The Washington Sanitary Improvement Company (WSIC) was a late 19th century charitable capitalism experiment that ended in the 1950s. This blog started looking at the homes that were supposed to be sold to African American home buyers, after decades of mainly renting to white tenants.
Looking at WSIC properties they tend to have a pattern where the properties were sold to a three business partners, Nathaniel J. Taube, Nathan Levin and James B. Evans as the Colonial Investment Co. for $3 million dollars. Those partners sold to African American buyers. There was usually a foreclosure. Then the property wound up in the hands of George Basiliko and or the DC Redevelopment Land Agency (RLA). Then there was the odd lucky ones who managed to avoid that fate.
- December 1950 (recorded 1/18/51) Evans, Levin and Taube sold one-half of 222 Q St NW to Clarence Gayles.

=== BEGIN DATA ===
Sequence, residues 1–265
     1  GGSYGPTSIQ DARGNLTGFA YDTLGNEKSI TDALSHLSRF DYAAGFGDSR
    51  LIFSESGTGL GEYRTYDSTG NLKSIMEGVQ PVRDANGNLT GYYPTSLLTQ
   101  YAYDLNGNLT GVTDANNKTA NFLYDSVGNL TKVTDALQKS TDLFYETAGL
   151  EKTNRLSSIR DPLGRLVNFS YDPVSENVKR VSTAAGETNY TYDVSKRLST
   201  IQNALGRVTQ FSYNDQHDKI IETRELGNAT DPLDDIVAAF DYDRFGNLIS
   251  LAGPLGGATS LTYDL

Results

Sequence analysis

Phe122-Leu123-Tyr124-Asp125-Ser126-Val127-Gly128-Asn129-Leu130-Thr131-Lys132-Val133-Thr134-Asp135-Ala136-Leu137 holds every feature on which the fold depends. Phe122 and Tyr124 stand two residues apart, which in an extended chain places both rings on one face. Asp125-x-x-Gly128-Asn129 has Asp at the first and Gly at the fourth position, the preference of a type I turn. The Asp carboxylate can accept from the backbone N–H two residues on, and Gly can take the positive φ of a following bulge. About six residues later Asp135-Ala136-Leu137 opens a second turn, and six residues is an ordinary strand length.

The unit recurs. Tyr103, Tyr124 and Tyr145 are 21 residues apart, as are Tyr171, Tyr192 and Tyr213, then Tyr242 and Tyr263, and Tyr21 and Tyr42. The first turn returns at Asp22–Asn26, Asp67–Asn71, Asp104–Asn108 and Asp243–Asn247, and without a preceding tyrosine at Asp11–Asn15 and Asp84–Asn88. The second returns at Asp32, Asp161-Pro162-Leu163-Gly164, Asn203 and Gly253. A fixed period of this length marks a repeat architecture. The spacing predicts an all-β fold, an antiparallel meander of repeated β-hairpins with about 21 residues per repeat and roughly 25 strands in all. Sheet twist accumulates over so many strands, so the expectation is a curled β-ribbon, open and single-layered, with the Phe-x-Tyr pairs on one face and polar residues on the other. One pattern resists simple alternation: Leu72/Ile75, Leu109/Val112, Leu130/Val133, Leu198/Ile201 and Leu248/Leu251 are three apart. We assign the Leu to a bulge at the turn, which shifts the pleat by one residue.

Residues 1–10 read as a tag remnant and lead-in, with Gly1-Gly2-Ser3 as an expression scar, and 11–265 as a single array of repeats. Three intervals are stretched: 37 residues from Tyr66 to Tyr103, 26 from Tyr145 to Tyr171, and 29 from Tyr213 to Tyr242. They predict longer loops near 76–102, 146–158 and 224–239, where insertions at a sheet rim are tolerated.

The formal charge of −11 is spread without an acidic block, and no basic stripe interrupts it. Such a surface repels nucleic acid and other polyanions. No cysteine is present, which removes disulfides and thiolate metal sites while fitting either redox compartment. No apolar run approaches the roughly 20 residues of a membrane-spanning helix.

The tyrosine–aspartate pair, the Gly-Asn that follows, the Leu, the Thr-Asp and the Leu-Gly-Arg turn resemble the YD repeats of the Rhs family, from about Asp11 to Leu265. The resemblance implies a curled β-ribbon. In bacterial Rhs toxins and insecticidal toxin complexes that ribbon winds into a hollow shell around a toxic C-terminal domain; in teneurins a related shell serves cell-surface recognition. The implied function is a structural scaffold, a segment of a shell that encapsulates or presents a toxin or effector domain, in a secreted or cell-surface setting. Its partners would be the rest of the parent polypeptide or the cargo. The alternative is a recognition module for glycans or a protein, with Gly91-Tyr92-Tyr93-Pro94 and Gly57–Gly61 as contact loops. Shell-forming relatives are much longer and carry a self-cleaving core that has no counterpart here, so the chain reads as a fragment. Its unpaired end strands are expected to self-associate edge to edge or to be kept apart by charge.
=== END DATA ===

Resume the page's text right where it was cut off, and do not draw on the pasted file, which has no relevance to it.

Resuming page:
- December 1950 (recorded 1/18/1951) Mr. Gayles borrowed $3,125 from Colonial Investment Co. favorite trustees Abraham H. Levin and Robert G. Weightman.
- February 1951 Evans, Levin and Taube sold the other one-half of 222 Q St NW to Mildred and Willie E. Sessoms.
- February 1951 the Sessoms borrowed $3,275 from trustees Abraham H. Levin and Robert G. Weightman.
- January 1951 (recorded 5/1/1951) Gayles sold his half to Sylvia and Clayton Watson.
- Unfortunately, June 1958 Gayles (the Watsons) lost their half to foreclosure and via auction, it was returned to Evans, Taube and new partner Harry A. Badt.
- June 1958 (recorded 11/14/1958) The Badts (Harry & wife) transferred their interest in this and other properties to Nathan Levin’s family (wife Rose, children Lawrence, Myron Levin and Ruth Wagman).
- June 1959, as part of a larger package, Evans, Taube, Badt (and their wives) and Levin’s survivors sell their interest in 222 Q St NW to Sophia and George Basiliko.
- March 1962 the Sessoms paid off their mortgage.
- February and March 1978 Delores Simpkins purchased both halves of 222 Q St NW from widower Willie Sessoms and George Basiliko.
This property, despite part of it falling under George Basiliko’s ownership, did not transfer over to the District of Columbia Redevelopment Land Agency (RLA).